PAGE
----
Just to try to give a more concrete example, if you want to write a Python script to control the stage, the most annoying part is often setting up the Python environment in the first place. This varies depending on which operating system you use, and how your computer is configured.
The first step is ensuring you have a suitable version of Python. Anything from Python 3.7 to Python 3.10 should work OK for
sangaboard I think. If you open a command prompt (PowerShell is what I use on Windows, or a bash shell on Linux) and type
python --version hopefully it will give you a version number in that range. If it starts with a 2, try
python3 --version instead - some systems still use
python3 instead of
python for version 3. If you don’t have Python 3 installed, there are many ways to get it. Most often, I just install Python and then worry about packages later. Others doing science are keen on using Anaconda to manage their Python environments, though I always find it a bit confusing.
Once you have a working version of Python installed, you should make yourself a new folder to work in. Inside that folder, you should create a “virtual environment” to let you install all the Python modules you need, without messing up your system’s Python installation. This stops the work you’re doing with OpenFlexure from messing up other applications or projects on your computer. You can do this by typing:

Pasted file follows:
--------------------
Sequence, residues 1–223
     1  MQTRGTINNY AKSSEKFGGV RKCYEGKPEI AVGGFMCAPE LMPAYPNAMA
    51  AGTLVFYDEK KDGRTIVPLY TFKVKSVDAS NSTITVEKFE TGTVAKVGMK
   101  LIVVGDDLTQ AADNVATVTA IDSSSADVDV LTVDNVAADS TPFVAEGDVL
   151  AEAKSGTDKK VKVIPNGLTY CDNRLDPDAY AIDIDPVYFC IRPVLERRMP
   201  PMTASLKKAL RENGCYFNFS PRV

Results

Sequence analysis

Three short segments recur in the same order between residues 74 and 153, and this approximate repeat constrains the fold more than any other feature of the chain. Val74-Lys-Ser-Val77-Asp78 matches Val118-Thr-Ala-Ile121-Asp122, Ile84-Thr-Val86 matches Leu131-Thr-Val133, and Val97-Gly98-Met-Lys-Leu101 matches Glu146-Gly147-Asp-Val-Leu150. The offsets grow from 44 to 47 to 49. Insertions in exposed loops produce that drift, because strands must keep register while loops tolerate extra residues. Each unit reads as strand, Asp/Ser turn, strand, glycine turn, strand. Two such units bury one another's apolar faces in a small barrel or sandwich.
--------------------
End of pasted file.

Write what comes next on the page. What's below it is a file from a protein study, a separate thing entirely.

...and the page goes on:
python -m venv .venv --prompt OFM
This will create a folder called
.venv in the current folder, and put in a basic installation of Python.
You should now “activate” your new environment. On Windows, you type
On Linux you need to run
After that, you should see
[OFM] appear at the start of each line in the console. That means your virtual environment is installed and active. You can now start installing the packages, e.g.
pip install sangaboard
Now, you should be able to start Python and issue interactive commands:
That should put you into a Python command prompt
sb = sangaboard.SangaBoard("COM1")
"COM1" should be replaced with the name of the serial port you are using. If you leave it empty, i.e.
SangaBoard() it will try to autodetect, which may or may not work depending on how many ports you have and what’s plugged in.
The commands above will do a relative move by 1000 steps in X, then print the position, then exit the Python interpreter.
I hope that explains a bit better how to get something basic working!